Friends of Simon Wiesenthal Center condemns United Nations Human Rights Council for its hypocrisy, while commending Canada for its fairness

    TORONTO, June 20 /CNW/ - The United Nations Human Rights Council (UNHRC)
"has again proved itself hypocritical."
    That's the view of Leo Adler, Director of National Affairs for
Toronto-based Friends of Simon Wiesenthal Center for Holocaust Studies.
    "We find it incomprehensible that in today's world, the UNHRC would pass
a measure institutionalizing the annual 'condemnation' of Israel. With
countless people being buried daily because of the fighting in Gaza, Darfur,
Iraq, Lebanon, Afghanistan and elsewhere, one would have thought that those
crises would take precedence in the minds of officials who are supposed to be
preoccupied with such matters.
    "The saving grace and the shining beacon in all this darkness, is
Canada's strong denunciation of such hypocrisy," said Adler.
    "This UNHRC failure to respond to the pressing international problems of
the world in favour of, yet again, focusing on Israel and the 'occupation'
conflict is a matter that defies common sense. Today, devastation of enormous
proportion is occurring to the people of Gaza - a place that is no longer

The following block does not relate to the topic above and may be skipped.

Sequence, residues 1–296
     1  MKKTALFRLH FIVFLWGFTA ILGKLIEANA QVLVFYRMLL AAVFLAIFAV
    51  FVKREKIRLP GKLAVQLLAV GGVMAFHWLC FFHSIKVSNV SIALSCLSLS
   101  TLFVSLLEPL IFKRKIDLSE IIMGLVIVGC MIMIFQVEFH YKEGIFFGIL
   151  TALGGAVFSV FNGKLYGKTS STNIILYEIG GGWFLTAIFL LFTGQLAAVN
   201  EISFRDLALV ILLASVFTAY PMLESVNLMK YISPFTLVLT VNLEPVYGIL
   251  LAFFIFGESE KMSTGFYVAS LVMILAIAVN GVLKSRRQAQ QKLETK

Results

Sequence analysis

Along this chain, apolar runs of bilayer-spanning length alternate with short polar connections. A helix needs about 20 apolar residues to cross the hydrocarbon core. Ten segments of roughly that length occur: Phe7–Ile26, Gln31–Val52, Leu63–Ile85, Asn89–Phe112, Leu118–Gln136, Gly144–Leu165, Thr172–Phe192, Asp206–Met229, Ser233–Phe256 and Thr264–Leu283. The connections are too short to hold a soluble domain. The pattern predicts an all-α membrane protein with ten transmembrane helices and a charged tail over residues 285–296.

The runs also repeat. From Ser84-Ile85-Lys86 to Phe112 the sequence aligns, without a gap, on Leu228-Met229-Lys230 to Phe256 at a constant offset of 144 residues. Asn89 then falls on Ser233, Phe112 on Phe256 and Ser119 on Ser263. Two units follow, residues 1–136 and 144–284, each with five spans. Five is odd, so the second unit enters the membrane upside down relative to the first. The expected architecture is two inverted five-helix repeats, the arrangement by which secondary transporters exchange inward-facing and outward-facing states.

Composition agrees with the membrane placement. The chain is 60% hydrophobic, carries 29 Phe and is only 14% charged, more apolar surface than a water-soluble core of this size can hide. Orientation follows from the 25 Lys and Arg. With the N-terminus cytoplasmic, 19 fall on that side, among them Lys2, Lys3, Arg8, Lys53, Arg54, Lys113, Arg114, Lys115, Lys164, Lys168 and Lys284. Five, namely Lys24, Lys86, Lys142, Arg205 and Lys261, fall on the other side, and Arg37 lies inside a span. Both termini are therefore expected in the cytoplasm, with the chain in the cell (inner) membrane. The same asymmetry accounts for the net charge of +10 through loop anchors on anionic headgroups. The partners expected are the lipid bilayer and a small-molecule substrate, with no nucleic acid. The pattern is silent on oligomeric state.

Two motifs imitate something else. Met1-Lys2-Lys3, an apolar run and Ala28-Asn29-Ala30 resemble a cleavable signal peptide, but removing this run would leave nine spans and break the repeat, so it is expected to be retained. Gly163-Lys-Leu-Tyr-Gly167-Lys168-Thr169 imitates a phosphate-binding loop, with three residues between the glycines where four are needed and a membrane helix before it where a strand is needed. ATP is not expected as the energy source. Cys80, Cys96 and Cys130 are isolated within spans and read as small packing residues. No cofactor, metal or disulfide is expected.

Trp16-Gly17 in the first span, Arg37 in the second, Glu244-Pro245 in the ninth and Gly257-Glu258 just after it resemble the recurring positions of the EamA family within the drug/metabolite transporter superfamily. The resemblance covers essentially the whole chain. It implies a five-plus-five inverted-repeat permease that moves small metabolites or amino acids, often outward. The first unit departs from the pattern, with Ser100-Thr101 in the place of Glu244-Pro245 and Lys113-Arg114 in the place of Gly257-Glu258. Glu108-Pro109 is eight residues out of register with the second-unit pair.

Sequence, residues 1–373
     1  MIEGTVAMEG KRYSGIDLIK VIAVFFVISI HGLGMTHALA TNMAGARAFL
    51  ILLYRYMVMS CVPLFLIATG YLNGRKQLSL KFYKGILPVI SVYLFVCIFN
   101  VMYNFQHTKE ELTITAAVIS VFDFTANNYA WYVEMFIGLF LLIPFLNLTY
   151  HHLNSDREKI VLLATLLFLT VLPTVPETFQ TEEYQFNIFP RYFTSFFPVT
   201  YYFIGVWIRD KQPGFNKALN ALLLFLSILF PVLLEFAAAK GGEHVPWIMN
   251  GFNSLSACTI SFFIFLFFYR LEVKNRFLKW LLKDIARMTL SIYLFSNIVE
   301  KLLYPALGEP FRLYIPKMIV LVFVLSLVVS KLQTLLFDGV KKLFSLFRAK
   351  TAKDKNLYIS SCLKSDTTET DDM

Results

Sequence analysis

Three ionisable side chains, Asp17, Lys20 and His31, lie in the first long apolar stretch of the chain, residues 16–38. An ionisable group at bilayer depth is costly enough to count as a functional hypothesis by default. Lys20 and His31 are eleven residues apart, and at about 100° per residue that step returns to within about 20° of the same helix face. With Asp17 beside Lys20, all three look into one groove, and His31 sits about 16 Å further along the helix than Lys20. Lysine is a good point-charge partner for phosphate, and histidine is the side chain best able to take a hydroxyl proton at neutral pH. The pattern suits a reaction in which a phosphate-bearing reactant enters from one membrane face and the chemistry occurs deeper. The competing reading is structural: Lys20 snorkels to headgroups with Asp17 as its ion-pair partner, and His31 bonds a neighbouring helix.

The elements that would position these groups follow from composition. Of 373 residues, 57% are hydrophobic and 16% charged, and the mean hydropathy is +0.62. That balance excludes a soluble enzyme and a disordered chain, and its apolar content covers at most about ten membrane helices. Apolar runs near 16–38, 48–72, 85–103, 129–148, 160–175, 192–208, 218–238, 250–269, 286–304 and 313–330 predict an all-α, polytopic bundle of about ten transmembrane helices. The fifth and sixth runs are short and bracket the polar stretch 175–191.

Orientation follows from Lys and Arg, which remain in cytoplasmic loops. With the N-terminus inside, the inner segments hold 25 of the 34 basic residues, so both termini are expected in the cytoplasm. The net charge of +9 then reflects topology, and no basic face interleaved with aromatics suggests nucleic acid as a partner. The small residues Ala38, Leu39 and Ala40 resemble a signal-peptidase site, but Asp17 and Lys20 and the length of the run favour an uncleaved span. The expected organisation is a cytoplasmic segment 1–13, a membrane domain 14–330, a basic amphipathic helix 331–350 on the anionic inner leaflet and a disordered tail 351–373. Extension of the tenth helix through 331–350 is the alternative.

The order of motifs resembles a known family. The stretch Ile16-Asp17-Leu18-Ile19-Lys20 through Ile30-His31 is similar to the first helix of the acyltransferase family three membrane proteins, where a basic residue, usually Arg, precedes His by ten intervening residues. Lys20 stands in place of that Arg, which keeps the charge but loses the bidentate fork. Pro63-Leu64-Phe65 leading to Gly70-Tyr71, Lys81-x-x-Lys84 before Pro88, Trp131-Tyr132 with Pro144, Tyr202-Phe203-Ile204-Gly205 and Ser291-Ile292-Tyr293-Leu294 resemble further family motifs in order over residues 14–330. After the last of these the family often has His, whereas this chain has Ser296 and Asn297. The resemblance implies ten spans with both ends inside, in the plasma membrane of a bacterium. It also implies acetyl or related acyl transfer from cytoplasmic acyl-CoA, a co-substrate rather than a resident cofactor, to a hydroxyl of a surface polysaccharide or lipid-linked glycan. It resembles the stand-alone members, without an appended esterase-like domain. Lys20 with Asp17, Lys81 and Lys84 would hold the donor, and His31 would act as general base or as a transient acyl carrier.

occupied by Israel, yet even this internecine warfare is being blamed on
Israel. Similar murders are taking place in other countries far from Israel
and away from Israeli armed forces, yet are being ignored," he added.

    About Friends of Simon Wiesenthal Center for Holocaust Studies

    Friends of Simon Wiesenthal Center for Holocaust Studies is a Canadian
human rights organization dedicated to fostering tolerance and understanding
through community involvement, educational outreach and social action. With
over 25,000 members of all faiths around the world, it confronts important
contemporary issues including racism, anti-Semitism, terrorism and genocide.
Friends is affiliated with the world-wide, Los Angeles-based Simon Wiesenthal
Center, an accredited Non-Government Organization with status at international
agencies, including the United Nations, UNESCO, OSCE and the Council of
Europe, with offices in New York, Miami, Paris, Jerusalem, Buenos Aires, and
Toronto. Simon Wiesenthal died in 2005 after devoting his life to preserving
the memories of the victims of the Holocaust, while simultaneously seeking
justice for the war criminals.


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